A critical skill for success in life is to understand when to stop – stop speaking, stop working. The book “What Got you here won’t get you there by Marshall Goldsmith” talks about 20 habits that you need to change for the next level of success. The practice of mindfulness in speaking helps you become the great leader you envision yourself to be.

The below caught my attention:
Instead of your “to-do” list, start with your “to stop” list: I have been making a to-do list since I was in 9th grade, and while the visualization of success has helped me. This comes as an eye-opener and common sense that there are areas about me that I need to stop. The “to-stop” list is equally, if not more important, as a “to-do” list.

Stop being a JERK

  1. Someone offers less than a brilliant idea in a meeting – DO NOT CRITICIZE
  2. Someone challenges one of your decision, DO NOT ARGUE or MAKE EXCUSES. Quietly consider it and say nothing.
  3. Someone makes a helpful suggestion, DO NOT REMIND THEM, YOU ALREADY KNEW. Thank them and say nothing more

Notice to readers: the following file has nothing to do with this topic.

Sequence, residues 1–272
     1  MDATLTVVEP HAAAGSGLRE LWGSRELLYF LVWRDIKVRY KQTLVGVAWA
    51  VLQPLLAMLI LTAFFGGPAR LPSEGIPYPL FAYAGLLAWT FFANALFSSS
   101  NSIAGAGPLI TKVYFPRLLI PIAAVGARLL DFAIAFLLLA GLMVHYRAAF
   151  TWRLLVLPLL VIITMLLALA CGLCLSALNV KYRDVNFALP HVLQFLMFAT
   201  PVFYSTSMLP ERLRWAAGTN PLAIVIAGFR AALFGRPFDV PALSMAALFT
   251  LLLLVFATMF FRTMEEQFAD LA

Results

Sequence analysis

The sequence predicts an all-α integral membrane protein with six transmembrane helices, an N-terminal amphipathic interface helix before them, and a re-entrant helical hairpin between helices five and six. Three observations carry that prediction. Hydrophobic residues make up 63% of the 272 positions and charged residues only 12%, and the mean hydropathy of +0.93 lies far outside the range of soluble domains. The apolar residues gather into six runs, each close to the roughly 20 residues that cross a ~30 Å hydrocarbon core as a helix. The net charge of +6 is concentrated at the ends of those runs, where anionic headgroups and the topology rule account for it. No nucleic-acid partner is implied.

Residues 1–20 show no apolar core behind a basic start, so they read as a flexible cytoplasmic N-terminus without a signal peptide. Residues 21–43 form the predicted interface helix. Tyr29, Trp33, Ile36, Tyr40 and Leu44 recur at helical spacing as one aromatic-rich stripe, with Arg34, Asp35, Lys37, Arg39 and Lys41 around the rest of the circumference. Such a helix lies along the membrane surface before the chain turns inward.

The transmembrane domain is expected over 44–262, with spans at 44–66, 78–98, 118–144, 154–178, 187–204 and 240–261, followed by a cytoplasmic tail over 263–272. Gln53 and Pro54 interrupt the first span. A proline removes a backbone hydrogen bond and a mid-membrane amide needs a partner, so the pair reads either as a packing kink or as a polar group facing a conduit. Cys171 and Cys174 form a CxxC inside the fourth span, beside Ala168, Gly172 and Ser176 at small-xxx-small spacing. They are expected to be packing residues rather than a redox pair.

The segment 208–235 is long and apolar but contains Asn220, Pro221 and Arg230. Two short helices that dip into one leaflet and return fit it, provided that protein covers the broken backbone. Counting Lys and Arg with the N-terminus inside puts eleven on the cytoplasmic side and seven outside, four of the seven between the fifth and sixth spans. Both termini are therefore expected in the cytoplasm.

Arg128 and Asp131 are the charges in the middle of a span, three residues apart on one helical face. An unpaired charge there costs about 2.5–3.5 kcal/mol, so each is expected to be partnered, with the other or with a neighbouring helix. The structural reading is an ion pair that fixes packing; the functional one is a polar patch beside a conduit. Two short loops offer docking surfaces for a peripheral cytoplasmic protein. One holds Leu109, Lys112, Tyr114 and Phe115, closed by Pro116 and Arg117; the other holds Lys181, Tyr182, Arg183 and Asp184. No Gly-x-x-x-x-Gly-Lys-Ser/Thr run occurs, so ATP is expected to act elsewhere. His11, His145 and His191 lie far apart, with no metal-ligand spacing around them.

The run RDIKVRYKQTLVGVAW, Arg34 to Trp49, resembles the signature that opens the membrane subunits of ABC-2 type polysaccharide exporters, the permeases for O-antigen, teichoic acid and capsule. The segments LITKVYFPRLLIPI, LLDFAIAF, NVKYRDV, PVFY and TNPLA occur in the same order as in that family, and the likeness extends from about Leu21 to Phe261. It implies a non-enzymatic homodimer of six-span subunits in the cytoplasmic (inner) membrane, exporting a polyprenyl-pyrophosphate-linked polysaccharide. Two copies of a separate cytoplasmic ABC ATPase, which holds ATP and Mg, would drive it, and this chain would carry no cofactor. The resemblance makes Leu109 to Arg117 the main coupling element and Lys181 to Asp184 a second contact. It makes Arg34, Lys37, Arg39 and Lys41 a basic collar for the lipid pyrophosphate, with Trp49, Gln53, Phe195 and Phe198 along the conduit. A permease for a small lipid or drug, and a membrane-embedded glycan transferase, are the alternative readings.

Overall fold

Ways to offer thanks:
Thanks
Thanks, I hadn’t considered that
Thanks, you have given me something to chew on
Thanks, your have given me something to think about

As a people-manager, one has to consider the impact of their words and actions. The above may have been ignored while you were growing up the ranks as a minor issue, but these are the prime focus once you become a people manager.

Consider yourself in the shoes of a new joiner or an old timer who may be trying to work harder than they did in the past or an average person who wants to contribute or the smart cookie who wants to impress you with their ideas. The above is applicable at all times. Some helpful suggestion from the book has been to consider carefully a few set of questions before speaking:
Will the comment I am about to make:
– help our customers
– help our company
– help the person I am talking to
– help the person I am talking about
Don’t speak anything if the comment you are about to make, fails the test. While at the start it may sound painful, with practice it quickly becomes second nature.

Until next time

Ruchi